Commissioner Bernard McNamee said Thursday he will leave FERC at the end of his current term, which is set to expire June 30.
“Though many people have encouraged me to stay and seek another term, I have informed the White House that I will not seek reappointment,” McNamee said during the Federal Energy Regulatory Commission’s public meeting in Washington, DC.
The decision was made, McNamee said, after a long career in public service and in order to spend more time with his family.
“This has been one of the most interesting, rewarding jobs I’ve ever had, and I’ve enjoyed the work, the issues, the people – in short, I love this job. But I love my family more.”
McNamee said he plans to leave FERC when his term expires -- “or later, as permitted, if I’m needed to do so” -- but he will not be “checking out right away. There’s a lot of work to get done here at the Commission between now and the end of my term.” He said he has no plans yet for his post-FERC years, but “I anticipate I’m still going to be active in addressing important energy issues facing the nation.”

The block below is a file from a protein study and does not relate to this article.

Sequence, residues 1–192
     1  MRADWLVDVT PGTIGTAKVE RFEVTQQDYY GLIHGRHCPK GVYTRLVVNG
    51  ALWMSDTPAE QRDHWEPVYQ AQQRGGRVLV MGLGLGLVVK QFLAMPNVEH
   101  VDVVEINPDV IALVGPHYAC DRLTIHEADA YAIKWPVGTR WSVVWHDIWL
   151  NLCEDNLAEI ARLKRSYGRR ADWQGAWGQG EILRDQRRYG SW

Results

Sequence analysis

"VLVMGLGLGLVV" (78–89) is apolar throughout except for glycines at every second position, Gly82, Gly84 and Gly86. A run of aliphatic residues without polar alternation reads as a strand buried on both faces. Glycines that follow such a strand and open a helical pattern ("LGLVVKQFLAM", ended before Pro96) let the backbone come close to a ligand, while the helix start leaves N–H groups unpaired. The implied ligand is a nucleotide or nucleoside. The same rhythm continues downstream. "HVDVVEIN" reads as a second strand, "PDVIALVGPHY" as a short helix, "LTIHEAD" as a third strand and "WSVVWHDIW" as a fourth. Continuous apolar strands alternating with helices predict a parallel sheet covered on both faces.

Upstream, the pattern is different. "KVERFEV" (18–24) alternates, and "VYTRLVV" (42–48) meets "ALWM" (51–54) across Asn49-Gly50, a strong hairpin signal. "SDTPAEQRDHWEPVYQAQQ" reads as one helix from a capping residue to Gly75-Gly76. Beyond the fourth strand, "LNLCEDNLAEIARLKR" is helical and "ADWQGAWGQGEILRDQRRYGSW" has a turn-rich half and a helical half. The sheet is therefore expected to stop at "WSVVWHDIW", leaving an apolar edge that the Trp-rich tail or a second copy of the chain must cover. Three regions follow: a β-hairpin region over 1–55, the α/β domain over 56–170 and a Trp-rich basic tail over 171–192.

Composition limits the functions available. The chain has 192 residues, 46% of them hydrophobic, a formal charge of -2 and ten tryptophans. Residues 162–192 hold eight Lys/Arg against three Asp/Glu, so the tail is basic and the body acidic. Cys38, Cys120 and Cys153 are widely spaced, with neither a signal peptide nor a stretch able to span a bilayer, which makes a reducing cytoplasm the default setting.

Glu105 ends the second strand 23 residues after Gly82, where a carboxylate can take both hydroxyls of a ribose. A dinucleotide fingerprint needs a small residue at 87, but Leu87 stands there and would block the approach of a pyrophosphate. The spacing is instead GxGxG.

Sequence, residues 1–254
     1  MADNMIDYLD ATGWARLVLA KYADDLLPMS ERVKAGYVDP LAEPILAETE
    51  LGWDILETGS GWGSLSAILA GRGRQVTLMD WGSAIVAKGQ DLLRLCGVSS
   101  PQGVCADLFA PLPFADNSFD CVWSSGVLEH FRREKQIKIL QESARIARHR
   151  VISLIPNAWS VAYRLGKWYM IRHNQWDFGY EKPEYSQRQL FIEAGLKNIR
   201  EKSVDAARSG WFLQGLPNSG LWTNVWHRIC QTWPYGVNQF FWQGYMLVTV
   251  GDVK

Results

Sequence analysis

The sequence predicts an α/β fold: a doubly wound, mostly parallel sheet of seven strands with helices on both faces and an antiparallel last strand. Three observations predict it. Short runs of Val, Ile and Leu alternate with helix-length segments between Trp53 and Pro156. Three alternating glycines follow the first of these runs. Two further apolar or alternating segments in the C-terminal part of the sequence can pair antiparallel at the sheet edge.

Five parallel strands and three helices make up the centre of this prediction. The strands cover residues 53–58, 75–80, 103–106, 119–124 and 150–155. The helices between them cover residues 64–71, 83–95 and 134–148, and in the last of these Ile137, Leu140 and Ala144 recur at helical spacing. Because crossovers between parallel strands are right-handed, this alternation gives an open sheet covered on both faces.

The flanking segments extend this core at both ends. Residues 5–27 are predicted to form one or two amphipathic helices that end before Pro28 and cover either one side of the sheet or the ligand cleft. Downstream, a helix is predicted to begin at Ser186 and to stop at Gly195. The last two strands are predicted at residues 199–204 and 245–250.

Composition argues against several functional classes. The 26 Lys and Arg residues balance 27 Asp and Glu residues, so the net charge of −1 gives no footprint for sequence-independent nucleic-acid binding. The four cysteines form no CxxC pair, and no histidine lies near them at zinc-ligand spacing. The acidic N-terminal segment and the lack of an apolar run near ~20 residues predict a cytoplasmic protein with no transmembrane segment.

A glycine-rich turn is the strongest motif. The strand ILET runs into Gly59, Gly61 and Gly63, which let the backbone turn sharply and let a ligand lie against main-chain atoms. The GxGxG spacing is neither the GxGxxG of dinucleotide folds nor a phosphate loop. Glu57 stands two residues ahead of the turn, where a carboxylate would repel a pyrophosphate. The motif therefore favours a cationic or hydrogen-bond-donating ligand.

McNamee’s exit would leave the traditionally five-member FERC with only two commissioners – Republican Neil Chatterjee, who is chairman, and Democrat Richard Glick. Chatterjee's term is set to expire in 2021 and Glick's in 2022.
FERC general counsel James Danly was nominated by President Trump in October to fill one of the two current vacancies at the Commission, and his nomination was voted out by Senate committee in November. The full Senate, however, failed to vote on the confirmation during 2019 and the nomination was returned to the White House Jan. 3. Trump will presumably restart the process, once again sending Danly's nomination back to the Hill for a second run through the Committee on Energy and Natural Resources.
Danly's nomination may have stalled in the home stretch because of a simmering conflict over FERC's long-standing reputation for independence and the number of Republican and Democratic party members on the panel. By law, no more than three seats at FERC may be held by one political party.
FERC currently has Republican members Chairman Neil Chatterjee and McNamee, with Glick the lone Democrat.
During the runup to Danly's nomination there were complaints from Democrats, including Joe Manchin (D-WV), the ranking member on the committee, that the White House had not also sent the name of a Democratic nominee. Danly's nomination broke with tradition by putting forward the name of a Republican to fill one empty seat without pairing it with a Democrat to fill the other, they argued.
Manchin and other Democrats have been lobbying for Allison Clements, a former senior attorney at the Natural Resources Defense Council, to be nominated to FERC. Trump administration officials have reportedly met with Clements this month, but the White House remains mum about nominations to FERC.